As we’re sure you are aware, Florida is a closed primary state. This means that in order to vote in a primary election, Florida residents must be registered with a political party. It also means in the primaries, they are only be able to vote for candidates running for a position within their registered party. In general elections, however, they are able to vote for any candidate in any party.
In our opinion, closed primary states need to be brought to an end. Not only are they restrictive and suppressive, but they further divide our nation by strengthening party identification.
When voters are forced to decide on a party to affiliate themselves with, they become attached to that party. Of course, they do have the free will to vote for whoever they chose to in the general election, but registering as one party or another does tend to cause most voters to develop a mentality that influences the way that they vote. This bond people start to feel with their party has the power to influence voting patterns and impact overall election results.
Many people who are voting for the first time don’t know much about politics. Thus, they often don’t know much about political parties or which one aligns most with their beliefs. A lot of the time they end up choosing a party for the wrong reasons. It might be because their parents, significant other or friend support that party. Either way, these voters are commonly not thinking independently.
When a young person is just starting to explore the world of politics, they should be able to do so free of ties and regulations. They should be able to consider themselves an independent or bipartisan and still have the right to vote in a primary election. By forcing them to identify with a particular party, they lose the right to vote for candidates across the board they may want to support. Instead, they vote only from the percentage of candidates they are allowed to vote for.
What’s more is sometimes even voting veterans, young people and adults who are well versed in politics, still aren’t exactly sure where they lie on the political spectrum. For many people, casting a vote is about a person, not a party. Plenty of well-educated voters find themselves falling somewhere in the middle. Denying these holistic thinkers the right to vote for candidates they wish to support in the primary election is not only suppressive but unjust.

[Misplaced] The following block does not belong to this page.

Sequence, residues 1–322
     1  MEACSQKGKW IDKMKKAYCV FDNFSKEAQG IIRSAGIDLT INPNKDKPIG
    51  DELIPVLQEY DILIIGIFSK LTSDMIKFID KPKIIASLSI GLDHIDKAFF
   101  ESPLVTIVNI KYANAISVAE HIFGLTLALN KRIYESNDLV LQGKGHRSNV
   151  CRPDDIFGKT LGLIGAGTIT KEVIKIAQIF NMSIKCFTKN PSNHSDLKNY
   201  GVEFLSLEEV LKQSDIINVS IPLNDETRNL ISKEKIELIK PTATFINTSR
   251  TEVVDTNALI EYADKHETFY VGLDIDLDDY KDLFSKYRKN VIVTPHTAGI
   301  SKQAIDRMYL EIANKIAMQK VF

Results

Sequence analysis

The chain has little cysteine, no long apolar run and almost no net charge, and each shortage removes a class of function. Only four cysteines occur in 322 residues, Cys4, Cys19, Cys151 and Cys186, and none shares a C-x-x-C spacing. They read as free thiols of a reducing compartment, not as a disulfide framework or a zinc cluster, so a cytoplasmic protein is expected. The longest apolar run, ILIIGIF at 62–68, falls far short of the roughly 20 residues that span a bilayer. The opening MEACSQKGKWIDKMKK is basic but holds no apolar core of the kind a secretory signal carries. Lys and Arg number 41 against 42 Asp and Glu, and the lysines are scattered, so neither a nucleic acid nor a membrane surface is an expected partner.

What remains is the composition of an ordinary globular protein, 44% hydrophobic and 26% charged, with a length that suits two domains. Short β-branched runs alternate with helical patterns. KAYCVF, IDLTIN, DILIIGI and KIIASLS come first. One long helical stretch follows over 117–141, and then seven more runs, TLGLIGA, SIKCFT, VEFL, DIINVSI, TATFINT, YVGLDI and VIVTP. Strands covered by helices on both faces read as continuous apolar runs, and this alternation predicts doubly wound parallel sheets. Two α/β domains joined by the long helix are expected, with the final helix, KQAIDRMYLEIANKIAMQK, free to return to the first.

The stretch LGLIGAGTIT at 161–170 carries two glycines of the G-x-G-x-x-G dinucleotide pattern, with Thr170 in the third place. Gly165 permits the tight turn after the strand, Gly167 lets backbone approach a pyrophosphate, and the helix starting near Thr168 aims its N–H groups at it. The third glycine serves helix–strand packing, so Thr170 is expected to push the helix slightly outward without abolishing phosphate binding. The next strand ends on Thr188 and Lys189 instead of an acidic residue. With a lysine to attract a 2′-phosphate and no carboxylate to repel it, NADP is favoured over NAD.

In addition to these restrictions closed primaries put on voting freedoms, these regulations also further divide our already disconnected nation.
As mentioned before, when voters are forced to identify with a specific party, they often become more attached to that party. They think of themselves as a Republican, a Democrat or a third party. Not as an independent thinker.
Even if you are registered with a party that you don't feel strong ties to, you often can’t help but get offended when you see a social media post calling your party ignorant. You can’t help but become angry when your distant relative rants about your party at the Thanksgiving dinner table. No matter the strength of your ties, you still become upset when someone challenges a part of who you are.
Especially after this last election cycle, people have been clinging to their party ties. Americans become more divided every day and closed primaries are only working to further separate us from our fellow citizens.
While seeing an end to closed primaries is not the only solution our country needs to come together again, it is certainly a good start toward a more connected and tolerant country.
Dear New Mexico Open Primary Supporters,
We’re excited to announce that we’re going to be using CivNet, a New Mexico-based online network for community action, for a lot of our ongoing communication. One of NMOP’s values is to strive for a dialogue from every political persuasion. In that vein, CivNet provides an open platform for community members to connect with diverse individuals who come together on these important political process reform issues, find opportunities to get involved, and organize to take action. We are going to be leading A LOT of action over the next 6 months as we approach the next legislative session.
This will also allow us to better assess who wants to be active with our organization and who wants just occasional updates. We will continue to send out email through this list, but if you’d like to get engaged on a more regular basis and learn more about what NMOP is working on regularly, please sign up for CivNet and join the NM Open Primaries Project on CivNet. If you have any questions, feel free to email email@example.com or you can learn more at www.civnet.com.